What Are Cars Made Of Other Than Steel?
Your car or truck is made of extraordinary materials. Read on to learn what they are.
While recently working on a car, I was surprised to discover a sharp engine knock that was occurring because of a worn timing gear. I was even more surprised to find gear teeth made of plastic fiber compounds, similar to compressed fiberboard. These had ground away, preventing them from engaging a hardened crankshaft gear.
Today, non-traditional materials make cars and light trucks more dependable, efficient and environmentally friendly. Lower electric vehicles (EV) prices—and tax credits—are partly due to their use of sustainable materials, like micro glass bubbles, and boron nitride composites that dissipate battery heat.
Parts fabricated from steel, complex structural composites, plastics, alloys and polymers lower the overall weight of a vehicle, increasing fuel economy. These materials and the way they’re fastened preserve body rigidity while providing excellent ride comfort and passenger safety.
Not surprisingly, this is the most common material in car manufacturing. Strong, readily available and easy to fabricate, it’s found in the exhaust, brake and suspension systems, as well as the engine, wheels, chassis and roof. Steel is used in EV motors and also reinforces non-metal chassis.
Examples of different types of steel in cars include:
- Advanced high-strength steel: Provides an excellent balance of light weight, strength and toughness. Used for doors, frames, undercarriages and bumpers.
- High carbon steel: Inexpensive and resists wear and tear. It lacks flexibility and can be brittle and rust. It’s found in the same applications as high-strength steel, plus bearings, suspension, chassis and the drivetrain.
- Alloy steel: Iron fused with other elements. It’s expensive and employed for specific applications. Ferrovanadium (iron and vanadium) is a high-impact alloy found in springs and shocks. Ferroaluminum (iron and aluminum) in exhaust and cooling systems is lightweight, heat-resistant and easy to fabricate.
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A broad term to cover an array of polymers, car plastics are fashioned from petroleum by-products. Polymers have unique qualities and characteristics that can be customized for many uses. They’re durable, corrosion resistant and flexible, making them easy to fabricate without losing their toughness.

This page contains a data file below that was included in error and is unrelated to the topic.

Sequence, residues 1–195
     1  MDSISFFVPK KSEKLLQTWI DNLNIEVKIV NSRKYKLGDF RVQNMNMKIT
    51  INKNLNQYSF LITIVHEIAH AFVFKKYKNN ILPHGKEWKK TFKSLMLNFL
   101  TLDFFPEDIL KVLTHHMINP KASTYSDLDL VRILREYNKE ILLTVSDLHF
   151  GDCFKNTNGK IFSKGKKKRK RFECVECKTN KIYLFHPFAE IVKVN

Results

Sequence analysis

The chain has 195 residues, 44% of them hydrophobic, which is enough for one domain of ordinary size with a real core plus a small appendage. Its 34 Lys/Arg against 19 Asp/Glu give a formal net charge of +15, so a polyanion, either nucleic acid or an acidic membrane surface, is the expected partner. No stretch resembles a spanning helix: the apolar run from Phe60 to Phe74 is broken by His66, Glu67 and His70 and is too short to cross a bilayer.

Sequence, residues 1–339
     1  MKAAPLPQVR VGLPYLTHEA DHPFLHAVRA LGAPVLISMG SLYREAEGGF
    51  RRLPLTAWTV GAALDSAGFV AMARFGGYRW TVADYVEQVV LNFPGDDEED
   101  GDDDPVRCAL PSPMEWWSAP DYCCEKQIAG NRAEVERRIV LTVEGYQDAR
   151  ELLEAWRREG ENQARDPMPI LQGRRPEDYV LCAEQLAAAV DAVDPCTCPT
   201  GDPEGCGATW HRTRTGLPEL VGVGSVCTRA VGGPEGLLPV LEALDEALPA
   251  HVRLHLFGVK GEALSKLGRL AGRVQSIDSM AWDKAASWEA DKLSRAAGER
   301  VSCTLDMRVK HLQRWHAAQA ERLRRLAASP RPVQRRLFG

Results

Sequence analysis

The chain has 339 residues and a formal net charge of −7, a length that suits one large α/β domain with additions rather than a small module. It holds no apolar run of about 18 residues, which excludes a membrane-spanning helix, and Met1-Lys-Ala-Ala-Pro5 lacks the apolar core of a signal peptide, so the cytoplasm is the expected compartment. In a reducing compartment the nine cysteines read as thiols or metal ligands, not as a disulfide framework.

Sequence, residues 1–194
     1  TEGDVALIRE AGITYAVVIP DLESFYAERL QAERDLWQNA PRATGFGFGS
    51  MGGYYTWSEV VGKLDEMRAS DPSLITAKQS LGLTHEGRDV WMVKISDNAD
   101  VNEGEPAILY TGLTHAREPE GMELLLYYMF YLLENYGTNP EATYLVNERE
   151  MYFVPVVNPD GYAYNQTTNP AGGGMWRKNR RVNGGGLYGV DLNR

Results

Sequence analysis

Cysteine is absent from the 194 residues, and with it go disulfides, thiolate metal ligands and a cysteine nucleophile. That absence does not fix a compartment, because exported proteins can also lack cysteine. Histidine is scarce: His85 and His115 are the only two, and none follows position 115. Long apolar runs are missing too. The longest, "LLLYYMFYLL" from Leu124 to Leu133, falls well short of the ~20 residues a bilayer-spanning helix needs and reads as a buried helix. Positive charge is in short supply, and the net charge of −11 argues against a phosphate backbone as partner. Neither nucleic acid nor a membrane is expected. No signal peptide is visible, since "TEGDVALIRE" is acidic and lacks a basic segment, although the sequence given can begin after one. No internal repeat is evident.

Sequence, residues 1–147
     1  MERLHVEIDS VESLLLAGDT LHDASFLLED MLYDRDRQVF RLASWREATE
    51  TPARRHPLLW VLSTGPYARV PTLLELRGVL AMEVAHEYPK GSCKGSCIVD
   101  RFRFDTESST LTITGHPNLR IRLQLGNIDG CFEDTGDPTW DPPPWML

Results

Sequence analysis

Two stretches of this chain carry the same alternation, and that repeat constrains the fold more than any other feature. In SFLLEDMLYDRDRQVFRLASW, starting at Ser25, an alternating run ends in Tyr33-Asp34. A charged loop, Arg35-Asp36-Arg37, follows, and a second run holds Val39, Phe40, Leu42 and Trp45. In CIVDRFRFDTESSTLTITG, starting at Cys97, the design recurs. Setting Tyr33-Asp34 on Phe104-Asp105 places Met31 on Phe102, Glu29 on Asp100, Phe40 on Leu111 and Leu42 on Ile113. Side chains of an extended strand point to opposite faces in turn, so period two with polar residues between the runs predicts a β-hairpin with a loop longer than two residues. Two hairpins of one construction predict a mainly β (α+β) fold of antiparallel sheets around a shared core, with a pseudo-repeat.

Since they’re lightweight, plastics are used in everything from the engine to trim, headlamps, carpets, gas tanks, bumpers covers and more. Sooner or later, plastics may overtake steel as the No. 1 material in car manufacturing.
You’ll notice a theme here: Because it’s lightweight, strong, durable and malleable, aluminum can be fashioned into lots of car parts. Think wheels, cylinder heads, mirrors, water pumps, transmission housings and more.
Lightweight, strong and three times less dense than steel, fiberglass can be easily fabricated into many shapes for rear bumpers, hoods, doors and vehicle bodies. Due to the high tensile strength, fiberglass also reinforces timing bets. Abrasion resistant woven fiberglass is also found in brake pads and clutch disks.
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Copper wires run throughout your car, mostly in electronics. Copper alloys like brass are used in bushings. It won’t stick to the surface of other metals, making it outstanding for main engine bearings. Offering excellent heat conductivity, it’s also found in radiators and heater cores.
Lighter than steel or aluminum, magnesium’s high strength-to-weight ratio makes it ideal for automotive applications. It’s commonly found in transmissions, suspension systems, steering columns, control actuators, airbag housings, steering wheels and seat frames.
Magnesium is prone to corrosion, especially salt. It needs a protective coating like chrome, epoxy or polyester resins when exposed to the elements.
Though expensive, titanium is extremely lightweight and resists corrosion. It’s stronger than other metals with the same density.
Hard to fabricate, titanium is mainly found in internal combustion engine (ICE) components like valves, valve springs and piston connecting rods, as well as the exhaust systems of luxury sports cars. It’s ideal for an EV chassis because it protects the expensive batteries that make up 25% of an EV’s weight.
One reason for the uptick of stolen catalytic converters are the noble metals encased inside — platinum, palladium and the extremely rare rhodium. Palladium sells for nearly $2,500 an ounce, while rhodium is a mind-blowing $18,600 an ounce!
All three have a wide range of applications. In an ICE, they act as a catalyst to change smog (unburned fuel) into carbon dioxide and water vapors.
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Although EVs lack a catalytic converter, other pricey materials factor into their construction. EV batteries contain up to 80 percent nickel and 15 percent cobalt, as well as natural graphite, silicone and lithium. High-aluminum content bauxite in wheels keep an EV as light as possible.